Michael Horton has been one of the most consistently helpful spiritual guides in my life. (And interestingly, was one of the few people that, when I expressed my appreciation to him, didn’t make me feel like a drooling fanboy. Thanks, Michael, for understanding how it works.)
So you should read this excerpt: On the Absence of Christ. (Actually on the Ascension, but you’ll get it.)
Michael is writing here in something for 9 Marks Ministries and he mentions a much needed word that is similar to a lot of the material in his best book, In the Face of God (out of print but available used- get it). It’s part of Michael’s ability to get the best of Lutheran and Reformation theology out there in just exactly the right way. While I differ with Michael at some expected Baptist-Lutheran points, that seldom gets in the way of benefiting from the kind of Biblical/theological correction he offers here.
In short, Horton is warning us about the current use of the word “incarnational,” and its tendency to replace the unique ministry of Jesus with the continuing ministry of the church. I don’t even want to know how many times I’ve inadvertently stumbled into this one, but it’s been too often. I’ll take that swat and another, sir. Thank you.
Jesus never said anything about the church as a continuing incarnation. Paul speaks about the Body of Christ as a metaphor. But the church doesn’t replace Jesus does in a saving, revealing way. It may imitate Christ, it may continue his mission, it may bear witness to him, it may obey him and so on. But saying the church is another incarnation ought to be a caution. “Be my witnesses….teach whatever I command.” A clear mission, but not a continuing incarnation.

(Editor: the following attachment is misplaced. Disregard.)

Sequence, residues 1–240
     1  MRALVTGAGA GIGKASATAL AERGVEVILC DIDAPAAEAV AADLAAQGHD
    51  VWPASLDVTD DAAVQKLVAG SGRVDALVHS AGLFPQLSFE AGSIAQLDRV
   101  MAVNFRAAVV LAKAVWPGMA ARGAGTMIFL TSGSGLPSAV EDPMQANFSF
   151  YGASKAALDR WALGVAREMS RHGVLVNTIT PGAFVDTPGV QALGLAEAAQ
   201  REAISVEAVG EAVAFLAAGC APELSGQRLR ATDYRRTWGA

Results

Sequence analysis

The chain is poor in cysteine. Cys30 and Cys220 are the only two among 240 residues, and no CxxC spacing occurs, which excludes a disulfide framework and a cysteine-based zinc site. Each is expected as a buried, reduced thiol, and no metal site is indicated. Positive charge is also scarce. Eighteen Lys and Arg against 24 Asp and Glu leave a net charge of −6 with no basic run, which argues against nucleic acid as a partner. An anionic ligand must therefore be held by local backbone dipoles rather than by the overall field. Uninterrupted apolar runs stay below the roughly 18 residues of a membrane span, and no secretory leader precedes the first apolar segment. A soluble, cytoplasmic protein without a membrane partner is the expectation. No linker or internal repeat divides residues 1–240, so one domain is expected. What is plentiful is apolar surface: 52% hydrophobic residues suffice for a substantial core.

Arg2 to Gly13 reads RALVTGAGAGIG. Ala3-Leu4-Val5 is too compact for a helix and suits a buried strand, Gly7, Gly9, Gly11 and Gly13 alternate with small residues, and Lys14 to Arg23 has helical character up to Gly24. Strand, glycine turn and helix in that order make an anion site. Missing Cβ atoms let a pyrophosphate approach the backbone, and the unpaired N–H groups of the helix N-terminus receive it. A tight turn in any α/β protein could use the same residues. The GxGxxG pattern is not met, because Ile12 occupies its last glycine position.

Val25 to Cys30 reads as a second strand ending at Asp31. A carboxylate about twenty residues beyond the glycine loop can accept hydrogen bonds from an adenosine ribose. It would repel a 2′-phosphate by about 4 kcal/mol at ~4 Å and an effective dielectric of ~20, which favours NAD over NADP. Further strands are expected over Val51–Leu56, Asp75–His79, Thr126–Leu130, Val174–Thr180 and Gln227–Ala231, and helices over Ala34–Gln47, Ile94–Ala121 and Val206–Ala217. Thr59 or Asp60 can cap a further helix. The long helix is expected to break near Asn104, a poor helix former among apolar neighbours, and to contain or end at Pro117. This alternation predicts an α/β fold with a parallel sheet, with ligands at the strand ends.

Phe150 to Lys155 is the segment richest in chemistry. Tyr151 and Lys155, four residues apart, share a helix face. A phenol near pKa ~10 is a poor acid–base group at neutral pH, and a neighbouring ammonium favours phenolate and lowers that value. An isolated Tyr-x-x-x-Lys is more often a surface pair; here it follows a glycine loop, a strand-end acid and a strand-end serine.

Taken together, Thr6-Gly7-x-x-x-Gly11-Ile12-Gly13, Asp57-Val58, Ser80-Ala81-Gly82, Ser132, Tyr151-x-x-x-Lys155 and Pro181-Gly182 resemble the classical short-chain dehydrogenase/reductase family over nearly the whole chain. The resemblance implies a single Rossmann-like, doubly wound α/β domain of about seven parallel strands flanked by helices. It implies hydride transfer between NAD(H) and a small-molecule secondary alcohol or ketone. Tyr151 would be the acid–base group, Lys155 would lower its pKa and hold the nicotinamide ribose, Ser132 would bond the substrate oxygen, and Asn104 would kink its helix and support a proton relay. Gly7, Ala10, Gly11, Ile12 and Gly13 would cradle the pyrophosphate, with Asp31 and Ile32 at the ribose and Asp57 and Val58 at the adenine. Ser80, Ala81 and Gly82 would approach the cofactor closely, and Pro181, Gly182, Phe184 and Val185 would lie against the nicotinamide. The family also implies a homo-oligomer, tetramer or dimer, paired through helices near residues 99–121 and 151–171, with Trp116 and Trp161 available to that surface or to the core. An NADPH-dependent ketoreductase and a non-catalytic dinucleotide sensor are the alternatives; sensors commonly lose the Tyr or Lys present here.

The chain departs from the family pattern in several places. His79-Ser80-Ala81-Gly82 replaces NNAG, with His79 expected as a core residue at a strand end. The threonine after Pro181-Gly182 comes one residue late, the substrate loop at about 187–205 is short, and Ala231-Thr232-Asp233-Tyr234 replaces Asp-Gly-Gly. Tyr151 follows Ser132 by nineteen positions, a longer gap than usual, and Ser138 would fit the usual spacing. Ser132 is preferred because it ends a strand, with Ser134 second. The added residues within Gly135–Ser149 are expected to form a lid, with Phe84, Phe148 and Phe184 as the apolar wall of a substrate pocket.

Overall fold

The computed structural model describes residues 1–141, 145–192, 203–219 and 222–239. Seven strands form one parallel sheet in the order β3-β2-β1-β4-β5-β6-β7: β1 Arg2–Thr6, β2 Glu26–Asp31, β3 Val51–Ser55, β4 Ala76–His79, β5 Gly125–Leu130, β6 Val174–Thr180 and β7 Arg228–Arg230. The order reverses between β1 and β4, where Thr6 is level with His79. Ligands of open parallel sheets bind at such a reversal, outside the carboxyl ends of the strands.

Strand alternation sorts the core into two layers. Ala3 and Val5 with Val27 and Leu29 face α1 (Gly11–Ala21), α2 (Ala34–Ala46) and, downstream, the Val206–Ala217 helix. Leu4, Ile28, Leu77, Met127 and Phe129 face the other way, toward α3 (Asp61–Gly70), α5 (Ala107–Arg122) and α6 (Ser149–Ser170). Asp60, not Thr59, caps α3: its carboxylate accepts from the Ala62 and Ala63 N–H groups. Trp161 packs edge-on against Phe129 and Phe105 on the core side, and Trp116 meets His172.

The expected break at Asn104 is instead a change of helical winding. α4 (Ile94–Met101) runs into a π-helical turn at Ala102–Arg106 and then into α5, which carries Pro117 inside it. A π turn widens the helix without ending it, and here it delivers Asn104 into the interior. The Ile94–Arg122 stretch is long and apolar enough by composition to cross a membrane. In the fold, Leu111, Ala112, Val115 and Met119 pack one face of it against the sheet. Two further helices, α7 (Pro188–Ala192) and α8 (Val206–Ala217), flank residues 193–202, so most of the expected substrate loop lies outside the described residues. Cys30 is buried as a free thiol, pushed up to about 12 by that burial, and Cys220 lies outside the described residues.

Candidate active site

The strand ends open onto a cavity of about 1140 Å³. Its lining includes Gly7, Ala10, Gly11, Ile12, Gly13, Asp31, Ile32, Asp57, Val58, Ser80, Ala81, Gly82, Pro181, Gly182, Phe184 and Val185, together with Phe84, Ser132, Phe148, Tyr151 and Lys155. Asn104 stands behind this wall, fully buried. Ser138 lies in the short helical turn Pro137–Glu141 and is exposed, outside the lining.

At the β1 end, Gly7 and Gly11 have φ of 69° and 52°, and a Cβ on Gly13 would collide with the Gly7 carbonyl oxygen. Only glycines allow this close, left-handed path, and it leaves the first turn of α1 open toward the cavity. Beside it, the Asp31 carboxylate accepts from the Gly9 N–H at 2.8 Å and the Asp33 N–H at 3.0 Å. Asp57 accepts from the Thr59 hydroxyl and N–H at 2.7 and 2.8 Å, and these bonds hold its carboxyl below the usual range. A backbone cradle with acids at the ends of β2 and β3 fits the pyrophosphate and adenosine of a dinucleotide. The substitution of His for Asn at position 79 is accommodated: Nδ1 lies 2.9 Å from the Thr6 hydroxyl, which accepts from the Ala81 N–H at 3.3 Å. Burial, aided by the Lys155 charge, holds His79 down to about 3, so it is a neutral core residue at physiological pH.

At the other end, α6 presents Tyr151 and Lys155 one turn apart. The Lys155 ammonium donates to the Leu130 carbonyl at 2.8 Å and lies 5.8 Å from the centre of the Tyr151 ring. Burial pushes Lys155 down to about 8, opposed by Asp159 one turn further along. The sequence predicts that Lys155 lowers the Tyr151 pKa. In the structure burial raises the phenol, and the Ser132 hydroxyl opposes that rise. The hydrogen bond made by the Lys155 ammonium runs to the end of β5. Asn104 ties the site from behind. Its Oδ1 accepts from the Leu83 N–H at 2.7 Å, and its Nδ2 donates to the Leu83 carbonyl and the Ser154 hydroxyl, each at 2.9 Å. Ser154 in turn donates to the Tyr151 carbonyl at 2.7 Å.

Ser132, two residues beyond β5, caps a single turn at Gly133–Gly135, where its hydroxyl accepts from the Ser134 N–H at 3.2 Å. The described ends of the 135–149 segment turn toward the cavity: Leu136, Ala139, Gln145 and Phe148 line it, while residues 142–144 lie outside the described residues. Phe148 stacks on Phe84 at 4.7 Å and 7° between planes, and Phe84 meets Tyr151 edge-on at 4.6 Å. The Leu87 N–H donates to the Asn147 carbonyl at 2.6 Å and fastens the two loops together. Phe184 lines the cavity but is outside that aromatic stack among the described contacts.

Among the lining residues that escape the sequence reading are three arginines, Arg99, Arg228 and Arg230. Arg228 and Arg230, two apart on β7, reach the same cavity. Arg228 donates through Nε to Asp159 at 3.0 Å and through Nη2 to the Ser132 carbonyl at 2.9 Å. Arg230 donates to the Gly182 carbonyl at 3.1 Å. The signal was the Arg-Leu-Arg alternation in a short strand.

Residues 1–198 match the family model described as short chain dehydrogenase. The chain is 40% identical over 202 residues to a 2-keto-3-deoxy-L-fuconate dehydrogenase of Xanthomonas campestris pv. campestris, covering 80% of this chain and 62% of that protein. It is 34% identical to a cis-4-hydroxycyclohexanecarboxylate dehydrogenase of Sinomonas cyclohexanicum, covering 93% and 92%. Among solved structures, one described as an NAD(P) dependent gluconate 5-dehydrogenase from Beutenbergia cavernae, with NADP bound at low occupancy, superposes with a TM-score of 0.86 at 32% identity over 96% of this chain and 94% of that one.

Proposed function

I can still say that each of us incarnates the Gospel as human beings in whom the Spirit dwells, but there are important differences that should be emphasized. We can be incarnational, but make sure the meaning and limitations are clear.
In these days of the evangelical circus, pastors and churches are constantly claiming things about themselves that are crossing the line. Churches don’t connect us to God by joining them. Jesus is the one mediator and no church owns him. Churches aren’t where we exclusively meet Jesus. We meet Jesus through the Gospel in the power of the Spirit as God chooses. Churches aren’t identical with “Jesus in the world.” Some of the gifts, power and presence of Christ in his people are manifested in the church, but Jesus is outside of the church as well. The church doesn’t dispense Christ like a product. Christ meets us in some of the “elements” that the church possesses, but he can and does meet us wherever he chooses.
A very good word from Michael Horton, reminding us that being Jesus-shaped is a balance of the presence and absence of Jesus.